Bukowski, Charles 1920–
Bukowski is a prolific American writer whose poetry reflects his life as a society dropout. He began to write poetry at the age of thirty-five, after having worked as an unskilled laborer in factories and slaughterhouses. Bukowski is, according to Jack Conroy, "the greasy-spoon, rented room bard." A strength of his work is his ability to record and define his life-style, without self-pity, in direct and affecting language. In Bukowski's best poems, says Norman Moser, he "wraps his guts around a tree, then calmly walks off." (See also CLC, Vols. 2, 5, and Contemporary Authors, Vols. 17-20, rev. ed.)
I can't think of any other poet who comes on so raw and punky and who is so brilliant and eloquent….
[How] should I react to this man, to this poetry. Should I put up my fists and fuck you him back. After all, how many poets alive use street language? How many make me laugh out loud? Then how many can give me the chills, too?
I love his poems because I can understand them. I love them because they're not intellectual games, crossword puzzles for the literature crowd. I love them because they make me say yes, yes.
Ira Kamin, "The Recorded Poet," in Pacific Sun Literary Quarterly, May 15, 1975, p. 15.
Most first person voices in fiction are artful; Charles Bukowski's is no exception. For "Factotum" he speaks in the name of Henry Chinaski, having pared away all the excrescences of the hype, all literary mannerism, to present himself flat out from his opening sentences plucky but woebegone, a careerist of lousy odd jobs and one night stands in the backwaters of our great American cities. "I arrived in New Orleans in the rain at five o'clock in the morning," Bukowski writes. "I sat around in the bus station for awhile but the people depressed me so I took my suitcase and went out in the rain and began walking…."
Compare this style to the goosed up prose of Bukowski's "Notes of a Dirty Old Man" … and you have the difference between put on and voice, between callow journalism written as self-advertisement and sensitive, moving, amusing narrative.
The rain that falls in these opening pages dampens all of Chinaski's adventures in this hard luck narrative…. [There's] a scene that reoccurs in … various milieus: either he's given his final check after being "terminated," or else he walks out because no human being should have to debase and humiliate himself and waste his precious time on earth to eat.
A few years back in more prosperous times Bukowski may have passed for a crank. With a sizable percentage of the population more or less permanently unemployed he seems more like a prophet.
Bukowski owes something to Henry Miller, but just as much (like early Miller) to Dreiser, and the factualness of Defoe, and Twain. He can be accused of a lot of things, reductionism, I suppose, because he shows us what losers we all are, but in "Factotum" he also records quotidian tolls of courage, disenfranchisement and disgruntlement in simple language.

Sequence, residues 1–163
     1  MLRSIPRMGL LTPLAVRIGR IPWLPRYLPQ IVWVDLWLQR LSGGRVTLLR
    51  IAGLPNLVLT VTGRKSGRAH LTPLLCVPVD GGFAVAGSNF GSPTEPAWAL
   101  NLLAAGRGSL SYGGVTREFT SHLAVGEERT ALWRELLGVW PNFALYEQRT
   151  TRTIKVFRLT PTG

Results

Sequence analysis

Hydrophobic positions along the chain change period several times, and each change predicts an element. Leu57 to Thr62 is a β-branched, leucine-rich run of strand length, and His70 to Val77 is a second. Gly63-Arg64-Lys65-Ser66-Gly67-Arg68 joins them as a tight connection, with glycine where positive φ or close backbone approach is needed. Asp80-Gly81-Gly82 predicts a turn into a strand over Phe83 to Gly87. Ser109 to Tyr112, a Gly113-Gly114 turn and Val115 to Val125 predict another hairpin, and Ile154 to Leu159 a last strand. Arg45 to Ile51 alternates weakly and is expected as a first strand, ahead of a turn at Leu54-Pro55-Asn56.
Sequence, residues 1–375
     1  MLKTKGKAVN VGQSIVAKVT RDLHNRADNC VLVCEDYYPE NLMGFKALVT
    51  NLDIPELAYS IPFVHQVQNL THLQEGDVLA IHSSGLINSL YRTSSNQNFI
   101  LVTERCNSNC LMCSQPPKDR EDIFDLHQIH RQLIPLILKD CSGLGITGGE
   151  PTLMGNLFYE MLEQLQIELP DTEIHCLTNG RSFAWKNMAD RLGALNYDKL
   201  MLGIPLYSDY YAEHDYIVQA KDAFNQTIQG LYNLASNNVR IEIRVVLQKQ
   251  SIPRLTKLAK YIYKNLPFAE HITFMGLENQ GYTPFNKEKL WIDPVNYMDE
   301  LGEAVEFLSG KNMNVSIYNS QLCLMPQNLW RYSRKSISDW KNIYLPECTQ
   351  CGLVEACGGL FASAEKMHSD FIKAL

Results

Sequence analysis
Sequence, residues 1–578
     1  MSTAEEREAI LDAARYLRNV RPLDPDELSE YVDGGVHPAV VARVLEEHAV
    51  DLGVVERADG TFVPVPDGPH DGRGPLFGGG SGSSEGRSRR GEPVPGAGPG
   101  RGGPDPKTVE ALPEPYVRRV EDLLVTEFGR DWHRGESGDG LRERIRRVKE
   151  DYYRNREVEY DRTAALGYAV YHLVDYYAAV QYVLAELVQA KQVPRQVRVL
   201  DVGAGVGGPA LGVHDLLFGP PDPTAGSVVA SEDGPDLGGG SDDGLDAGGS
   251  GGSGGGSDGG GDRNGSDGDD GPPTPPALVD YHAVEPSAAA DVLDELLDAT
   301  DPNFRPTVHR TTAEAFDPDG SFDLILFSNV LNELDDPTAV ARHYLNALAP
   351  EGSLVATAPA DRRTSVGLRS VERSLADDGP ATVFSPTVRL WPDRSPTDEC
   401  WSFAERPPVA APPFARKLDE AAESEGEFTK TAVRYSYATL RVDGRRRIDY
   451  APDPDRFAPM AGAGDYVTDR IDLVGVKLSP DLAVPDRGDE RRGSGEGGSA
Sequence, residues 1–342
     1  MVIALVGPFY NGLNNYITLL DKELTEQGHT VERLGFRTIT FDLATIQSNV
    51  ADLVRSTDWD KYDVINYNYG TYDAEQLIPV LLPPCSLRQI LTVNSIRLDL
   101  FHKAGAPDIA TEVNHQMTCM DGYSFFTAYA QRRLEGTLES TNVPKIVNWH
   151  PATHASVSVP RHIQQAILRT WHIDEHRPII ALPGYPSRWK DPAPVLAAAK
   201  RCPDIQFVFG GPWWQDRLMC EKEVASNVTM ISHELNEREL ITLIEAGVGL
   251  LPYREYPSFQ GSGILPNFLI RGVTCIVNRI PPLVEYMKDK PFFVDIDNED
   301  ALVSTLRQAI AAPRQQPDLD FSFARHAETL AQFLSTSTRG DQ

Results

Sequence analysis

Not since Orwell has the condition of being down and out been so well recorded in the first person. (p. 16)
Richard Elman, in The New York Times Book Review (© 1976 by The New York Times Company; reprinted by permission), August 8, 1976.
Bukowski is … a phenomenon. He has established himself as a writer with a consistent and insistent style based on what he projects as his "personality," the result of hard, intense living. He sees himself...
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as what he appears to be—a tough, old, funky, ugly, macho, cynical bastard, with just an occasional hint of compassion, usually reserved for himself:
I keep searching the streets for that blood-wine battleship she drives with a weak battery, and the doors hanging from broken hinges. I drive around the streets an inch away from weeping, ashamed of my sentimentality and possible love. a confused old man driving in the rain wondering where the good luck went.
Since his first books appeared in the early 1960s, Bukowski has been writing out of Los Angeles, his home since he left Germany at the age of two. He writes of babes and bimbos and booze and all that Mickey Spillane-Ernest Hemingway hybrid stuff that is the basis of the images so many old-time tough guys had of themselves. It is also the basis for much of the criticism leveled at Bukowski for being sexist ("you boys can keep your virgins/give me hot old women in high heels/with asses that forgot to get old"; "I should have kicked that redhead/in the ass/where her brains and her bread and/butter are/at …").
Despite what some criticize as prose in Bukowski's poetry, there is in much of his work a poetic sensibility that, though arrogantly smart-ass and self-protective as well as self-promotional (he's the granddaddy of "punk" sensibility for sure), is also sometimes poignant, emotionally revealing, uniquely "American."… (pp. 89-90)
Michael Lally, in The Village Voice (reprinted by permission of The Village Voice; copyright © by The Village Voice, Inc., 1978), February 20, 1978.